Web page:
Gut health is often associated with kombucha, quick-fix cleanses, and questionable practices. This certainly does not come to mind when people think of a strength athlete. The connotation of the gut for decades prior would be a powerlifter merely bracing his pancake-filled gut against his lever belt, or bodybuilders testing their digestive limits in an offseason phase.
To be clear, we are talking about more than claiming your throne and hitting the restroom daily. We are talking about modernized gut health with a focus on the performance-focused strength athlete or bodybuilder.
Let’s start with the basics: You eat food to nourish your cells. If you make poor food choices, or if your body cannot digest, absorb, and utilize the food due to a poor digestive function, you might develop signs, symptoms, and/or a diagnosable illness.
Digestive insufficiencies contribute to a wide range of health issues, including headaches, depression, arthritis, foggy thinking, autoimmune illness,...
In a society of instant gratification and rapid rewards, all too often we forget the powerful impact of accumulated and compounded work over a substantial period of time.
In the gym or in the kitchen it is commonplace to look for that magic pill or panacea to expedite desired results. However, it is not always just the "what" that someone is doing that should interest us. The "how" is equally powerful.
One thing is for certain - there is no shortage of motivational videos and memes in the fitness industry. Often times what is lacking is execution.
One of the publishers of Success magazine created a theory called The Compound Effect. It is an active mindset and approach to creating positive and impactful change in an area of your life that needs reform. In our case this area of your life in which you desire success could be a physical transformation for a competition, or mastery of a specific physical fitness skill.
The creator of The Compound Effect aims his book at jump-starting your...
There are few things in life with a stronger association than the hormone testosterone and the strength-power athlete community. This T-molecule is known for strength, hypertrophy, power, and performance in bodybuilding, powerlifting, weightlifting, and strongman.
This is a fair association, given its ability to alter physiques and abilities under the bar. It is not uncommon for athletes to seek out diet and training regimens to optimize this hormone or shop for the latest test booster, adaptogen, or in some cases, performance-enhancing drugs to enhance testosterone. But what if there was more than just one powerful “T” driving our internal health and performance?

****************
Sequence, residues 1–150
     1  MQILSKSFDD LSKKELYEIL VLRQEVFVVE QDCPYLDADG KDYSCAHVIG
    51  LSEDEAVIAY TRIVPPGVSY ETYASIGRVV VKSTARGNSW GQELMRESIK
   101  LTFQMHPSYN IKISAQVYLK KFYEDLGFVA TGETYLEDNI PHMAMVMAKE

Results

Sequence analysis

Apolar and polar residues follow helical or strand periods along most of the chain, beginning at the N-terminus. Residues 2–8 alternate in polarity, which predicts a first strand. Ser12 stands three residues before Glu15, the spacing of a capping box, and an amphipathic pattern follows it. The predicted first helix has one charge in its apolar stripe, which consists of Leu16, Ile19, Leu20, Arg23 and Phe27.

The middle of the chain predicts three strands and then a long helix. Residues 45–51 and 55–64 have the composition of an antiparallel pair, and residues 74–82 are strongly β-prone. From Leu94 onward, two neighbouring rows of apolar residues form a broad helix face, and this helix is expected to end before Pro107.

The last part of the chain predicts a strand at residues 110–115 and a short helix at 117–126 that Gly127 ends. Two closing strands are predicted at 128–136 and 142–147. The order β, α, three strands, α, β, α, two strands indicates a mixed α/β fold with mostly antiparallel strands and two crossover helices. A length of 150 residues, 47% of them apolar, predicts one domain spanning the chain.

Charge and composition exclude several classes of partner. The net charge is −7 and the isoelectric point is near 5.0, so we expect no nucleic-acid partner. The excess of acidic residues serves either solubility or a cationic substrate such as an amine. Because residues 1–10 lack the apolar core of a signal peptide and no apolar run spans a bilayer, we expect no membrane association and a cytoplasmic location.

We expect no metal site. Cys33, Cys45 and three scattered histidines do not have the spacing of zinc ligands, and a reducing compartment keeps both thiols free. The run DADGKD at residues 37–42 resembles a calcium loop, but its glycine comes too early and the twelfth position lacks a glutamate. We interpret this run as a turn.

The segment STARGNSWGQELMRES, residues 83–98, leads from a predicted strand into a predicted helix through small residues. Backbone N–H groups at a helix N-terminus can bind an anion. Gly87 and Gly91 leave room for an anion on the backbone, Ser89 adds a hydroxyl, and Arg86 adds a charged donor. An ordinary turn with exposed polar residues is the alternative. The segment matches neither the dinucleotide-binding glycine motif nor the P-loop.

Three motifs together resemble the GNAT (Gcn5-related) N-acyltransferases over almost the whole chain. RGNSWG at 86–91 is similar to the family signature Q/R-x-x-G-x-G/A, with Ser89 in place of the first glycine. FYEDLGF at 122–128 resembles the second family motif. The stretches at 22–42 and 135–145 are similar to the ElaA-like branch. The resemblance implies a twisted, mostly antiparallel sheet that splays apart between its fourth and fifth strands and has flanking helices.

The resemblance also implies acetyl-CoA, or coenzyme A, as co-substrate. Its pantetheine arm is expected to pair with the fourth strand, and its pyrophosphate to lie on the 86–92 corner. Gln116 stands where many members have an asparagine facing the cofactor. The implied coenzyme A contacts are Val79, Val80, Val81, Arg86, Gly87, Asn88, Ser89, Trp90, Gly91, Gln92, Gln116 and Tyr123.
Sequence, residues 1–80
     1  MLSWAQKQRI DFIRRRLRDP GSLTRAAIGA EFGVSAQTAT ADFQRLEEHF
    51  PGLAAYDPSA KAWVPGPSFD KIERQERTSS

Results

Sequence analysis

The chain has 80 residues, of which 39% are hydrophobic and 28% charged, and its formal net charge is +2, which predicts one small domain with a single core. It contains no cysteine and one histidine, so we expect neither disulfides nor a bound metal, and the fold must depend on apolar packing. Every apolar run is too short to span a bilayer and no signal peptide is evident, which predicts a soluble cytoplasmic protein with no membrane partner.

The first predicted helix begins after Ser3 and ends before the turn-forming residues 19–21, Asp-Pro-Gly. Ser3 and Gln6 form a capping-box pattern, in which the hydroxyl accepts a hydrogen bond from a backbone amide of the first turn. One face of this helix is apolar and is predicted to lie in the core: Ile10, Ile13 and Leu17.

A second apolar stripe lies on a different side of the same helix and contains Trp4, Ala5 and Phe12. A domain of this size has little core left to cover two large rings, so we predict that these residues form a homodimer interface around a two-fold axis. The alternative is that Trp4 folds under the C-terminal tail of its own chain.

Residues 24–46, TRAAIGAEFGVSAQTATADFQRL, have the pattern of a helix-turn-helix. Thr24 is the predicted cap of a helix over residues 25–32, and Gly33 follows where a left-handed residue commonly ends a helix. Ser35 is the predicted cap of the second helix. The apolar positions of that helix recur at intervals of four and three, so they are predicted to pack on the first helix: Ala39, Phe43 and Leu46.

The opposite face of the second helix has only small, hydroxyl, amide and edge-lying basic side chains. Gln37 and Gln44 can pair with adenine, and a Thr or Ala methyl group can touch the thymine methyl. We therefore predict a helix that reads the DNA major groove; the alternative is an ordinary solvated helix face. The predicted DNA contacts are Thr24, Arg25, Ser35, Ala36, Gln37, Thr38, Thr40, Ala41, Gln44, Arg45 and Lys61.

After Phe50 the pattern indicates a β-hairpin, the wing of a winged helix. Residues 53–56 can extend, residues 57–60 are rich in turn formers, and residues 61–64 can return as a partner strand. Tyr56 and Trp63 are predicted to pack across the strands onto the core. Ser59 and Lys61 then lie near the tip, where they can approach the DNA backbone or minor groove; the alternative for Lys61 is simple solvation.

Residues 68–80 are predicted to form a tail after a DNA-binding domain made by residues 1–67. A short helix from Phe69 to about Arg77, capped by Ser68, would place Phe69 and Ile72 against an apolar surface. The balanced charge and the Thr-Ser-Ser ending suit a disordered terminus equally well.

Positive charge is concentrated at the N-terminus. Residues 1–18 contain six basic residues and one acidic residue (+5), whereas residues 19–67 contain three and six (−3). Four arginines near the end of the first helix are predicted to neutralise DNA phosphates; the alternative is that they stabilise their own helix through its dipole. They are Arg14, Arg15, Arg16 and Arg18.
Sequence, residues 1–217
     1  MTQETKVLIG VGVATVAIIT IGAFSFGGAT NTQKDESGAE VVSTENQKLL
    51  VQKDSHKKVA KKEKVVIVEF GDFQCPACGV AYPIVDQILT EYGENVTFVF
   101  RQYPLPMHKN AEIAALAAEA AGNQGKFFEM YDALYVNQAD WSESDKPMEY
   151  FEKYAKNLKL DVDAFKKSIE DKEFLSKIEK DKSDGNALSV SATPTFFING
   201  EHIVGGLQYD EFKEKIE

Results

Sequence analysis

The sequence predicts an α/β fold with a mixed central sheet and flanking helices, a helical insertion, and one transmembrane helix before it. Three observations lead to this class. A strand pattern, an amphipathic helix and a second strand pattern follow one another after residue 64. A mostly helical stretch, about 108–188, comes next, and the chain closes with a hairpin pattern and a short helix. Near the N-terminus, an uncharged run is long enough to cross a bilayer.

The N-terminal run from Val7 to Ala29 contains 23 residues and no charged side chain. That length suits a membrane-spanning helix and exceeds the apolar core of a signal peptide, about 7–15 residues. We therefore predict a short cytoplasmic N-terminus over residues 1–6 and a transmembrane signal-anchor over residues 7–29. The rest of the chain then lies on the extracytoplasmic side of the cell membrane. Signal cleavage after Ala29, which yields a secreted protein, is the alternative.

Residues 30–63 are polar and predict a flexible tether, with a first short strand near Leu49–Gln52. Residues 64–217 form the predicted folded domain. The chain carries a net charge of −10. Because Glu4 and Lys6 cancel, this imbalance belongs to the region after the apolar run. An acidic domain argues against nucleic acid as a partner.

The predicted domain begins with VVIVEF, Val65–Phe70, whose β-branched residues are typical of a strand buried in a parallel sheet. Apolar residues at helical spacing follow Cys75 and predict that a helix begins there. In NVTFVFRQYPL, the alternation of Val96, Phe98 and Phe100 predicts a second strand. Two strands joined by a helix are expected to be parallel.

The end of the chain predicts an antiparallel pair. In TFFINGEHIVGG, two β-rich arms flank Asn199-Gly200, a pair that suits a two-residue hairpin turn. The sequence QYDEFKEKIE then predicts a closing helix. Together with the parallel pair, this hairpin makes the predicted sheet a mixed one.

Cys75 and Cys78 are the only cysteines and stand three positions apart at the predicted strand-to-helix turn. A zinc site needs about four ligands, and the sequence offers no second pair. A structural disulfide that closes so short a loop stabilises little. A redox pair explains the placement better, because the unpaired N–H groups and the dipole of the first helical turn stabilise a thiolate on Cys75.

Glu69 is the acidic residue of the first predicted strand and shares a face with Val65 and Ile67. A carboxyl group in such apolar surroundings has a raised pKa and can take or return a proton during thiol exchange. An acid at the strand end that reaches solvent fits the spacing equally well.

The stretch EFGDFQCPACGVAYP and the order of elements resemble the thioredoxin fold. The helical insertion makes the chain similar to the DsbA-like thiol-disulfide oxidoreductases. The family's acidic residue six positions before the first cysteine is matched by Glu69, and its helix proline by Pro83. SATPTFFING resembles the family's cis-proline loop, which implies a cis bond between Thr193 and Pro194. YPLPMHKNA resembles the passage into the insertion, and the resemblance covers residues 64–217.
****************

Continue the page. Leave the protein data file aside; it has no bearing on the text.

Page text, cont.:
From a physiological perspective, there are few, if any, hormones more influential than thyroid hormones, especially for athletes. Thyroid hormones not only serve as an energy regulator but as a barometer of the influence that stress has on our bodies, whether that be training stress, nutritional stress from a...
Is it possible to boost testosterone with just macronutrients? If you’ve read your share of nutrition articles, you know dietary fat and cholesterol get all the attention when it comes to hormone production.
Testosterone, like many of our other hormones, is derived from a hormone called pregnenolone. Pregnenolone relies on a cholesterol precursor to serve as the raw material for our hormonal production. Consume a low-fat diet and you’re leaving testosterone on the proverbial table as you deny the body adequate resources and building blocks for this biochemical process, But what about carbs? Is it possible that one of the most overlooked testosterone-raising strategies on the market is actually in your workout nutrition? The answer is a resounding yes.
Though fat may provide the raw materials for production through cholesterol, carbs can protect your testosterone production by opposing cortisol via the production of insulin.
Why Insulin Is a...
Testosterone is perhaps the most well known and most sought after hormone in the male body. It is commonly known as a prerequisite for strength, muscle mass, bone mass, fat distribution and virility. Yet, over the past several decades male testosterone levels have been steadily declining. Studies have shown adult men are walking around with just fractions of the levels of our preceding generations (probably somewhere between and ½ to be precise) even just comparing the 20th century to today.
But, what gives? We lift with purpose, and we eat according to our macros, yet somehow we pale in comparison to men from just a few decades prior.
Stress and Test Anatomically speaking, we are the same human beings with the same production capacity as our ancestors, but what has changed as we live our daily lives is our environment and our nutrition. Think of it this way – we are using the same out of date machinery (biomechanics), but trying to process...
Over the last several years, iN3 has created awareness around the fact that training protocols MUST be matched to INDIVIDUAL GOALS. This has led to us creating the triangle of awareness, a principle that several nutrition coaches now use as the foundation of their client protocols and prescriptions.
Recently I had the opportunity to meet Sam Miller of Oracle Fitness, and he shared with me some interesting thoughts regarding this application inside of workout programs as well. In fact, I liked the methodology so much that I asked him to write about it for everyone here at the iN3 blog.
I’m sure you will enjoy this, and as always if there are any questions please feel free to post them up
“Getting lean or increased muscularity should be as simple as a calorie deficit or surplus combined with your favorite WODS, right? Unfortunately, not.
While training periodization has existed for decades, and nutritional periodization has gained...